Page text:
Part of my job as a support engineer (Tier 3 Support, whatever that means.. advanced support, in short) includes coming up with things. Now, some of those things are meant to make someone's life easier and some are there to low-key torment you. I learned something and decided to share this with you.

I've been asked to re-design and update a job interview exam to be more challenging and to evaluate the analytical skill of our candidates. Having been through similar questions myself, I've decided to include some pseudo-code challenges.

Personally, I never had to write pseudo-code before (in any capacity), so this was a learning curve for me as well. How do I go about presenting an idea or process in an understandable, yet undisclosing, manner? After all, I want you to explain to me what this fucking nonsense does, not the other way around. We've decided on two challenges: a reading excercise and a writing one.

If you'd like, you can give these a go and let me know what you think by email.

Reading

The point here is for the applicant to try and understand what the code block does and what is the expected output. This is more of an excercise in logic rather than programming knowledge (although it is very beneficial if you've seen/used code before). I want to see if and how you will handle something you don't know without running for the hills (and we've had candidates just leaving).

var lib = [
    'bk3725' => 'Five Shades of White',
    'bk3476' => 'Larry Plotter and the Engineer\'s Pebble',
    'bk3281' => 'The Snitcher',
    'bk4897' => 'The Stitchmaker\'s Guide to the Galaxy 10'
]
sort(lib)
print('Books available')
foreach lib as book => name
  if ( replace('bk', '', book) <= 3500 and substring(book, -1) != 7 )
    unset(lib[book])
  end if
  print(name + ' (' + book + ')')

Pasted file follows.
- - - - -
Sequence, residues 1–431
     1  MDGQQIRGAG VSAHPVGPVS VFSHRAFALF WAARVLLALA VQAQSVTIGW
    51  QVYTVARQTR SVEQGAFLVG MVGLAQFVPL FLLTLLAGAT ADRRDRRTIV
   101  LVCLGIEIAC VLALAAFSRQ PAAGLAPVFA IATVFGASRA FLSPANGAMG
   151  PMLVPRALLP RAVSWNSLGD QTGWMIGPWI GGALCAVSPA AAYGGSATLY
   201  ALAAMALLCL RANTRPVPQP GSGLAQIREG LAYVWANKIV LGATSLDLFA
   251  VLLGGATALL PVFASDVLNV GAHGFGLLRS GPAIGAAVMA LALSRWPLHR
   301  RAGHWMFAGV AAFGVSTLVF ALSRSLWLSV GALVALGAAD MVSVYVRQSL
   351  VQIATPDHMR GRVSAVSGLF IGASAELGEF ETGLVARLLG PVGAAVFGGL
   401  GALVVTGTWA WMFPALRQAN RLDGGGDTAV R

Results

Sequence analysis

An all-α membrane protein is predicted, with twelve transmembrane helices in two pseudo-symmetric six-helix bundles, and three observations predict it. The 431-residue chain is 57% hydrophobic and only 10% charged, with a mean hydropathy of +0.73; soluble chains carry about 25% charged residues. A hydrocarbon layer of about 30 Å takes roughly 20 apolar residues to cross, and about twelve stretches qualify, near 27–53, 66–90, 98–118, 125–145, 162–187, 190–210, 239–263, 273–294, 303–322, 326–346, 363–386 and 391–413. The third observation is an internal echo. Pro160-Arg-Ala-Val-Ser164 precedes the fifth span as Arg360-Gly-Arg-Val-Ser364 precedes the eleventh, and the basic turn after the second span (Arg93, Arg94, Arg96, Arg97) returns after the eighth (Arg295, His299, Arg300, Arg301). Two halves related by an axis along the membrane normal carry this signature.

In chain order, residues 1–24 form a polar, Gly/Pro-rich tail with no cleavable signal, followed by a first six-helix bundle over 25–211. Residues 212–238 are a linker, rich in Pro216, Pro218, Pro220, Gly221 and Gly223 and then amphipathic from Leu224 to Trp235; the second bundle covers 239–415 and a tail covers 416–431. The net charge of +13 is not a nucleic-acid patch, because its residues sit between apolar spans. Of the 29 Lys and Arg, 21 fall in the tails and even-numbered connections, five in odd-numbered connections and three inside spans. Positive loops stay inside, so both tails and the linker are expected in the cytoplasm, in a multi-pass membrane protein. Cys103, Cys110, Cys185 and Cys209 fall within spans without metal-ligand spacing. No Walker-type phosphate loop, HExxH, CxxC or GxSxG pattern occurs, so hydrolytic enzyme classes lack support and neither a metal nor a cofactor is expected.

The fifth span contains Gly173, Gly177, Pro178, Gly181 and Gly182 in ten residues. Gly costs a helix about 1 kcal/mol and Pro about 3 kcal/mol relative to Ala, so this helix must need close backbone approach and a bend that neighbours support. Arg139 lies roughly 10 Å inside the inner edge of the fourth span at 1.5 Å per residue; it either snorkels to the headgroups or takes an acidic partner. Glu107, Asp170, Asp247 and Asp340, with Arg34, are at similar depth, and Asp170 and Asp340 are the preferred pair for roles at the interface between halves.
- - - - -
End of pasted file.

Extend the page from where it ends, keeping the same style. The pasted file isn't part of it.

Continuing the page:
end foreach

Now, I personally use PHP and some Ruby, so maybe that is the reason the abomination above looks like it does. I apologise.

Writing

Since you're still here, you probably understand pseudo-code or can at least make sense of it. Good. For the second task I've decided to introduce a bit more complexity, so I actually went ahead and solved it myself in PHP first and only then adjusted the "syntax" to pseudo-code to make sure this can be answered.

Here we were asking the candidate to write a simple savings calculator where the input is:

  • The initial deposit
  • Monthly contribution
  • Annual interest rate
  • Duration of savings account The output should be the account total, total interest and total contribution.

This question requires mostly logic and a basic knowledge of how programming works (in any language, really).

Results

The point was never to make something hard or unsolvable. I've actually verified that the whole exam (5 questions in total), including the two questions above, can be resolved within the time limit. We have had people with adequate experience (according to their CVs) leaving the interview with no questions answered, which is less then fucking ideal.

That being said, I am still gathering feedback. After all, this is valuable experience and knowledge for me as well.